Gary James' Interview With Bruce Sudano Of
Alive N Kickin'
He was a member of the band Alive N Kickin', which enjoyed success with the song "Tighter and Tighter". He co-founded the group Brooklyn Dreams. He's written songs for Michael Jackson, Tommy James and Donna Summer to name just a few artists. He was named Adult Contemporary Artist Of The Year in 2004 by New Music Weekly. And he is also the husband / manager of Donna Summer. His name is Bruce Sudano and he spoke with us about his life.
Q - I actually did an interview with your former bandmate in Alive N Kickin',
Pepe Cardona awhile back. He seems to be doing quite well in the tri-state area (New York, New Jersey, Connecticut) in the wedding band circuit.
A - Yeah. He's kept it going all these years, which is a great, great thing.
Q - Now, do you guys stay in touch?
A - Oh, yeah.
Q - He's allowed to keep that name Alive N Kickin' because he was a co-founder?
A - Yes. Actually he and I started the band in the mid-60s I guess.
Q - So, he's doing the wedding circuit and you're doing what, these days? You're primarily a songwriter?
A - Well, right now I'm a solo artist. I released my first solo record in 1980 for RCA. It was called "Fugitive Kind". That was the title of that album. I had a song called "Starting Over Again" which was then recorded by Dolly Parton and became a number one Country hit back in '81, and was subsequently recorded by Reba McEntire. So that came off that record. Then in about 2005, my youngest daughter moved out of the house. I have three daughters. She was the last to leave. I found myself with a lot of extra time. So, I recorded my second solo album, which was called "Rainy Day Soul" and that produced three Top Ten AC (Adult Contemporary) songs. Subsequently I recorded my third solo CD, which is called "Life And The Romantic", which came out last year. (2010). I've had a Top Five AC song again, which was actually New Music Weekly's AC Song Of The Year, last year. It was called "It's Her Wedding Day" which I wrote about my daughter's wedding. I've just had off that record two Smooth Jazz songs that have done real well on the Smooth Jazz charts. I'm currently in the process of finishing up the next record. I'm probably midway through that.
Q - You're making these CDs for what label?
A - I'm releasing them on my own label, on i-tunes, CD Baby and Amazon.
Q - Where does your music fit in today's marketplace?
A - It basically fits in the Adult Contemporary, Smooth Jazz formats.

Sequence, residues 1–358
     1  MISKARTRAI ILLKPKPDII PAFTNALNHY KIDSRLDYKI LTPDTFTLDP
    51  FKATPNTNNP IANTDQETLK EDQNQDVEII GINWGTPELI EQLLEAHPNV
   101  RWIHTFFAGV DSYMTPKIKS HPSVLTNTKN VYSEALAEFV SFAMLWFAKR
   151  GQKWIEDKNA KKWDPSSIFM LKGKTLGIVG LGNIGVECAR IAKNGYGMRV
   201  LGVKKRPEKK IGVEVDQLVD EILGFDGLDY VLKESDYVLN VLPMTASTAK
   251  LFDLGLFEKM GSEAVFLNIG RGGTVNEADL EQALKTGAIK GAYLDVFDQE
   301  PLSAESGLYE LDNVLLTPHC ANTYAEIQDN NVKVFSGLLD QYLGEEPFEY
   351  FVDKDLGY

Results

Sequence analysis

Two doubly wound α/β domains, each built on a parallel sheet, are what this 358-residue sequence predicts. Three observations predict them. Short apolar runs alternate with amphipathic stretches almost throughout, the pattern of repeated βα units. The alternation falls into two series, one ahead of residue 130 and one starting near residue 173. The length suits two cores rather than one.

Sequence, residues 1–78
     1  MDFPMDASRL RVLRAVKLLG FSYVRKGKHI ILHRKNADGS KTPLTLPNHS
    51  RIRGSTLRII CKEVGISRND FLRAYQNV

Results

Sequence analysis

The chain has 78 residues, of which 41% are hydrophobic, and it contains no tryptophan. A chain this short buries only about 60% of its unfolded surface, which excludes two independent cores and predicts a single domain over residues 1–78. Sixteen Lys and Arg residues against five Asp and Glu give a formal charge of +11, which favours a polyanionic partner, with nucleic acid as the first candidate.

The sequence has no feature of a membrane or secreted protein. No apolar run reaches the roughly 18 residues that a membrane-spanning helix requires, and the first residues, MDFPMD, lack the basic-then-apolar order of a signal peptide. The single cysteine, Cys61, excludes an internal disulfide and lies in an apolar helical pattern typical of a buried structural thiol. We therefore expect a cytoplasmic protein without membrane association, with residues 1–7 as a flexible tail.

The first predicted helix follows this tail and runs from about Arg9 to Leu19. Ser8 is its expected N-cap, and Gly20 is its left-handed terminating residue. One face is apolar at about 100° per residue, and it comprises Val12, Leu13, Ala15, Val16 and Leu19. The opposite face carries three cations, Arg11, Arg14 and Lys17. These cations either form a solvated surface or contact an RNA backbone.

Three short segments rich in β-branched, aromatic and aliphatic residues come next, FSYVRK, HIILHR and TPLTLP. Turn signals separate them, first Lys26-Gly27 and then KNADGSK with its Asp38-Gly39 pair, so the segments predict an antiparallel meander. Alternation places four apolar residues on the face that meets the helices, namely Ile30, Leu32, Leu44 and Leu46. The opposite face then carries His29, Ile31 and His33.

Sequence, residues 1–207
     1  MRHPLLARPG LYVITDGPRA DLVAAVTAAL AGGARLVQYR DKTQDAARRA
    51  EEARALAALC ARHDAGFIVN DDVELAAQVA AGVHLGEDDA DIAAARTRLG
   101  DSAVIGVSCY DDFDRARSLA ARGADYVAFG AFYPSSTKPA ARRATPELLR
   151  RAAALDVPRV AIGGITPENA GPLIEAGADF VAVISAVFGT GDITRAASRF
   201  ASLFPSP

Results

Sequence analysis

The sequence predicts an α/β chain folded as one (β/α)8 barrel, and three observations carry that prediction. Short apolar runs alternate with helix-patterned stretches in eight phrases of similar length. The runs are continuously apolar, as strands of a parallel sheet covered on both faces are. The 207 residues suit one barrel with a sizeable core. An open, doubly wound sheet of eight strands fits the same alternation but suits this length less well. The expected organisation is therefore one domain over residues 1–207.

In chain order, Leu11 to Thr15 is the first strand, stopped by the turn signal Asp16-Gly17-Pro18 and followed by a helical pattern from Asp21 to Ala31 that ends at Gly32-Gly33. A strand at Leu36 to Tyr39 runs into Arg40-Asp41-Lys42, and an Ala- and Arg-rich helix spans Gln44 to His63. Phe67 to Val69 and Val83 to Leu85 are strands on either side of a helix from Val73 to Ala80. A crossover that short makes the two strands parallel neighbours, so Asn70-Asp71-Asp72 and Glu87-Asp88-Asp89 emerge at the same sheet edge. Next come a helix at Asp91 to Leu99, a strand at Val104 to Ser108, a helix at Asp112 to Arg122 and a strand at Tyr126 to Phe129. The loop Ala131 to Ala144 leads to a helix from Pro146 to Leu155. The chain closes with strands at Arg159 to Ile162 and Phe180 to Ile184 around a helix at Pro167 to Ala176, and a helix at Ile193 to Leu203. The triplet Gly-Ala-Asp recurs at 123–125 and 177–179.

Q - Is it tough getting the songs heard?
A - It's not that tough getting the songs heard because stations have been playing them and they've done well. The thing that's tough in these formats is sales. So, typically the AC format... well, obviously all record sales are not nearly what they used to be, but traditionally the AC, Smooth Jazz formats never sold that many records anyway. But in terms of hearing, they got lots of spins and have been on a lot of stations. So, that's been really good and now I'm heading out to get back playing 'live' again. So, it's been good. I'm having a very enjoyable time at this point in my life. It's very satisfying. I'm very free creatively without having to create for the record company or for the artist, but just saying things I want to say in the way I want to say them. It's energizing.
Q - I read something in the paper last week that Lee DeWyze's debut CD sold 102,000 copies. That's not very good for an American Idol winner.
A - Yeah. It's very bad. It's the state of the record business. It's very bad, but I believe in music. It's what I do. It's what I've done my whole life. I'm fortunate that I came up in a time when you could write songs and make records. I'm well-established, so I can continue to do what I do in the way I do it.
Q - What seems to be missing today is the venues that existed when you were coming up. There was Top 40 radio. Each city had it's own promoter and touring was made easier. That doesn't exist today. It's been erased.
A - Well, not the touring part. The touring part is still very viable. In fact I think there's a big resurgence of live performing which I think is great first of all for music. I think it's great for all the artists because I came up as live playing musician. That's what I did. That's where I came from, from the time I was twelve years old, I started earning money playing music. So, years before I made my first record I had been playing clubs in New York, honing my skills and learning how to be a musician and a live entertainer and practicing and rehearsing with the band. The music business got to a place where people would just come along and not have any foundation in playing 'live' and just become record stars. Lots of things suffered as a result of that. My daughter is a singer. She's a duo with her husband. They're called Johnny Swim. In fact they're on the front cover of MySpace this week as a Russell Simmons pick. But, they are foundationally going around the country playing clubs, honing their skills, basically turning down record deals because the record deals that get offered these days aren't' really worth it for the artist because the record companies don't sell any records and don't have a way of making money. They take part of your touring money, which never happened in the past. They take half of your publishing, which sometimes happened in the past. They take half of your merchandising sales, which rarely happened in the past. They basically are pulling money from every aspect of an artist's life. It's called a 360 deal. So, many artists are opting out of jumping into that mainstream record company situation because you're basically tied up for a long time and have very limited ways of earning money and there's no guarantees that the record company can do anything for you because they don't know what to do. It's an interesting thing because I view what's going on in the record business now, to use a very 60s word, it's Karma. The record companies were pigs and took advantage of everybody, the audience first, the artist second, for so long that it's a what goes around comes around kind of situation.